Other than these reasons, there may be another issue that is possibly playing up deep under the politics of the Kremlin. Russia is one of the world’s largest producers of oil and natural gas, and much of the country’s bread and butter comes through via these two commodities. Moscow may also be of the opinion that a pro-West installed government in Damascus may give countries such as gas rich Qatar easier access to continental Europe’s gas requirements. Russia provides Europe with crucial gas supplies, specifically during the winters, which is used to heat homes and business across the continent. In the past, Russia has played hard-ball with its gas supplies over payments. It switched off supplies to Belarus in the middle of its harsh winters due to delayed payments. Any reduction in selling oil and gas could be catastrophic to the Russian economy.

Nonetheless, Russia has actually raised some genuinely interesting questions for Washington to answer. It has asked the US to table all evidence that it may have to prove that the Assad regime in fact used chemical weapons. Russia has also asked US on what the future of Syria would be after the planned air-strikes.

The “now what?” conundrum is a serious question that the US needs to address before undertaking any military action in Syria. Considering the fragmentation of the FSA and fears of Al Qaeda elements in the country, such as the Jabhat al-Nusra over-running a post-Assad Syria, US air strikes may only solve (if so) a very small portion of a much larger and deeper problem. And this problem has only magnified due to non-intervention over the past three years.

For example, what guarantees could Washington give, that arming FSA rebels and aiding them via air strikes would not lead to a massacre of the minority Aliwite sect to which Assad and much of his surrounding leadership belongs to? The New York Times journalist C J Chivers recently published an extensive account of the brutal ways in which some sections of the Syrian rebels operate. Chivers wrote about how the rebels gather and execute Syrian Army members in cold blood. Questions over the Syrian opposition have been raised since France became one of the first to officially recognise the FSA months back. These kinds of elements within the rebel forces are keeping the Western leaders awake at night, again thinking about that elusive question, “what then?”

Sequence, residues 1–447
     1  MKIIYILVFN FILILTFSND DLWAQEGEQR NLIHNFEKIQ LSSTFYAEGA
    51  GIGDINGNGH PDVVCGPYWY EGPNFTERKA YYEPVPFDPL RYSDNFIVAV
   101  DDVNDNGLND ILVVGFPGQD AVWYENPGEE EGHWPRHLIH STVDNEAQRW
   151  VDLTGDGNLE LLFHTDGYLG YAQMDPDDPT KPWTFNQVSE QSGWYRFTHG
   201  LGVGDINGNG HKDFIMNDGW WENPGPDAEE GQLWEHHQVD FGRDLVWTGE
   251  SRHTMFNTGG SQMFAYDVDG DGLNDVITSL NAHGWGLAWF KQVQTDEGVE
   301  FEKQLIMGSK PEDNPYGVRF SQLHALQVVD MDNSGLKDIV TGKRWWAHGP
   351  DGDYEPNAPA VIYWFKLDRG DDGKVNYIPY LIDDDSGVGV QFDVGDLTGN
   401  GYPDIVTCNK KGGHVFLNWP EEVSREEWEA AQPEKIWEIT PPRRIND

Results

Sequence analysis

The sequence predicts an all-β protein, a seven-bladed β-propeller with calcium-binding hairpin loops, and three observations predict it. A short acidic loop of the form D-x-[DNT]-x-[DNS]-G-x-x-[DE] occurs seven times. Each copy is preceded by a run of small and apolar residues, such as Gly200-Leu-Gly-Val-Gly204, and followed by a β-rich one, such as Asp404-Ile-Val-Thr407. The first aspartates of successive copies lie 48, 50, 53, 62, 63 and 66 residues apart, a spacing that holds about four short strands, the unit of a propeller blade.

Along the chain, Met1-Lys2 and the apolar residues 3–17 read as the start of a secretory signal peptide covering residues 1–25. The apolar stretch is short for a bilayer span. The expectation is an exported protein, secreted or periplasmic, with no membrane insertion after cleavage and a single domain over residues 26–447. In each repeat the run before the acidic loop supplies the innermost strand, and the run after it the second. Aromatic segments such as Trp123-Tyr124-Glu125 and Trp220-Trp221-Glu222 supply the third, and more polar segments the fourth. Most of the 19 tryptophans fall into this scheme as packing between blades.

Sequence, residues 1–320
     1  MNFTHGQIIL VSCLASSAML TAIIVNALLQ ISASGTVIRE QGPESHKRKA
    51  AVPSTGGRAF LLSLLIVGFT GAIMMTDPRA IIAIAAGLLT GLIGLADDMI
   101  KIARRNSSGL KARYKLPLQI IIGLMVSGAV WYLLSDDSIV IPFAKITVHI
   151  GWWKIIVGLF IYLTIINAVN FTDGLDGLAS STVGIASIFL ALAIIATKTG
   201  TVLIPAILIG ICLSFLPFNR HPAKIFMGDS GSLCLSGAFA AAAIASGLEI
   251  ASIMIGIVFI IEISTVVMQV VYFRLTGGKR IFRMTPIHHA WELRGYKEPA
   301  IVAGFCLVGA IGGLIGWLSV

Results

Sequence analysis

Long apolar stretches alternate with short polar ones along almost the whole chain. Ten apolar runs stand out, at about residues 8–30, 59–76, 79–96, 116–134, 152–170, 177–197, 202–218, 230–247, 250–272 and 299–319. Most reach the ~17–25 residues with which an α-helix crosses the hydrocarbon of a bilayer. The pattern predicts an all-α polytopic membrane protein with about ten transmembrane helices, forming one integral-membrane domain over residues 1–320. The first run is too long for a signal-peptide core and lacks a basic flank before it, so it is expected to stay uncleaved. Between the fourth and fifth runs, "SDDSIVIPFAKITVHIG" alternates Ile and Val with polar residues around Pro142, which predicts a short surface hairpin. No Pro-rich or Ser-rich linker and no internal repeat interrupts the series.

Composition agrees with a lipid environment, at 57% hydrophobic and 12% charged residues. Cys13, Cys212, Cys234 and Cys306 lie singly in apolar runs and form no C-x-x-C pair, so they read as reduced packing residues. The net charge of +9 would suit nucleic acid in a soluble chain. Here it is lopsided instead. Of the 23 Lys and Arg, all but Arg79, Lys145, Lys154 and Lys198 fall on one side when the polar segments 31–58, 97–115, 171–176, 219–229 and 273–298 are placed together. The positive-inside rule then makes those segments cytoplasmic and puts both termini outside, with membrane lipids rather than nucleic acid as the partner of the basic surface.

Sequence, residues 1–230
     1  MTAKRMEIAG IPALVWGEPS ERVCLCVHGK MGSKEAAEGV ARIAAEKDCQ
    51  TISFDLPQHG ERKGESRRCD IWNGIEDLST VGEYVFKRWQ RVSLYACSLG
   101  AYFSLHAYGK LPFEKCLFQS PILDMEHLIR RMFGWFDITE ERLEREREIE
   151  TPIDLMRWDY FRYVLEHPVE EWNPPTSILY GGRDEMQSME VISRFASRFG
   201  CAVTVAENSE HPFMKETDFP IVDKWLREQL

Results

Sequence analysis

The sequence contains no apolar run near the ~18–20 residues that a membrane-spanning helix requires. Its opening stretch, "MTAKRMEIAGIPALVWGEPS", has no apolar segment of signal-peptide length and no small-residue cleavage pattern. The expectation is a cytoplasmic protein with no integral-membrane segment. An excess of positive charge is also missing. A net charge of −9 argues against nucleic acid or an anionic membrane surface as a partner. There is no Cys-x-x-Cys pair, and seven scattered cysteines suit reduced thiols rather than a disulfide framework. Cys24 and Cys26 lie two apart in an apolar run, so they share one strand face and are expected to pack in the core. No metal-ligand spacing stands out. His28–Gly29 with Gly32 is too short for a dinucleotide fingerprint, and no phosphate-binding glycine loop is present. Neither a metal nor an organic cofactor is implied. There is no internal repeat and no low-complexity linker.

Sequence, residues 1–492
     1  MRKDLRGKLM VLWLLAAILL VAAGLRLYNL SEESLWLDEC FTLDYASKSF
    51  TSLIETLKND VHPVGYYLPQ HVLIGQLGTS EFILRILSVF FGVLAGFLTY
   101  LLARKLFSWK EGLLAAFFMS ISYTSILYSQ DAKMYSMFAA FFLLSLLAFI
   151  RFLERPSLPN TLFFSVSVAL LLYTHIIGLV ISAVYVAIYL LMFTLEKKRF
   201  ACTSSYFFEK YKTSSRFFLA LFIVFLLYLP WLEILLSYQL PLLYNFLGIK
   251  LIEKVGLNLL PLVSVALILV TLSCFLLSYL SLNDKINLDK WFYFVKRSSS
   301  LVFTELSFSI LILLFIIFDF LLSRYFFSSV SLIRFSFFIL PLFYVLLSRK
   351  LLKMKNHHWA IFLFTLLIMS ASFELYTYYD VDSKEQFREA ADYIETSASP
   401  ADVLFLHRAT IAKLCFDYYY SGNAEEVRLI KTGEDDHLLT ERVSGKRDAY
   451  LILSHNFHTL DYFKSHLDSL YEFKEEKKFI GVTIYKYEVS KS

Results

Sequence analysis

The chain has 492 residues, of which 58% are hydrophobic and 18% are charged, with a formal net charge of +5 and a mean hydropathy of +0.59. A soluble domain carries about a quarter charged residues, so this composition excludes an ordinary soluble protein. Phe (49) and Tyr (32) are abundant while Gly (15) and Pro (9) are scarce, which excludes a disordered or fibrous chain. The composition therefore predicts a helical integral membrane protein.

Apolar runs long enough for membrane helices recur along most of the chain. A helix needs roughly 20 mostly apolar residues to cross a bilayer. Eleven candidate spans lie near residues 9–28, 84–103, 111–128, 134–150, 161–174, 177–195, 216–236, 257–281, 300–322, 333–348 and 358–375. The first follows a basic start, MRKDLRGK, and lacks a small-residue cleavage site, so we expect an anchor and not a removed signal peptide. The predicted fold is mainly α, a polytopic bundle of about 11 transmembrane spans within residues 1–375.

US Secretary of State, John Kerry, has been making his case to the US Congress on two scenarios, military action via the UN and unilateral American military action. Other countries like France, Turkey, Japan and South Korea have offered assistance to a campaign by the US in Syria. However, in most discussions that were televised live and beamed across the world, Kerry seemed to have made unconvincing arguments in trying to sell Obama’s military plans to US lawmakers.

It is also interesting to note that President Obama actually does not need US Congress’s approval to orchestrate a strike on Syria. However, in an attempt to protect his own legacy perhaps, he sought these approvals. In all likeliness, he may get it as well, as some suggest that the White House has been providing US Congress members with intel not available to the public to make their case stronger.

In the past 24 hours, voices in the United Nations, the European Union and even the Pope have reinitiated a call for a political solution on Syria, instead of a military one. With Britain almost out of the foray (even though it has stationed Tornado fighter jets at a base in Cyprus), the powerhouse of Europe, Germany, refusing to provide any military support, US for now has much less global pull for a coalition of sorts.

Amidst all this, the biggest loss in Syria, like any conflict in history, comes with the death of innocent civilians. More than 130,000 people are known to have died in the past two years. The number, of course, in reality may well be much higher. Journalists reporting from Syria have been telling grim stories of death and survival in these tough conditions. Today, more than three million Syrian refugees have collected in neighbouring Jordon creating another humanitarian challenge.

Non-action by the international community seems to be as bad a crime at the moment as Assad’s alleged use of poisonous gas on his own population. However, any action needs a proper long-term plan so as to initiate a smooth transfer of power in an event when and if Bashar Al-Assad is dethroned or flees.

The US has to remember that there is nothing ‘civil’ about a civil war.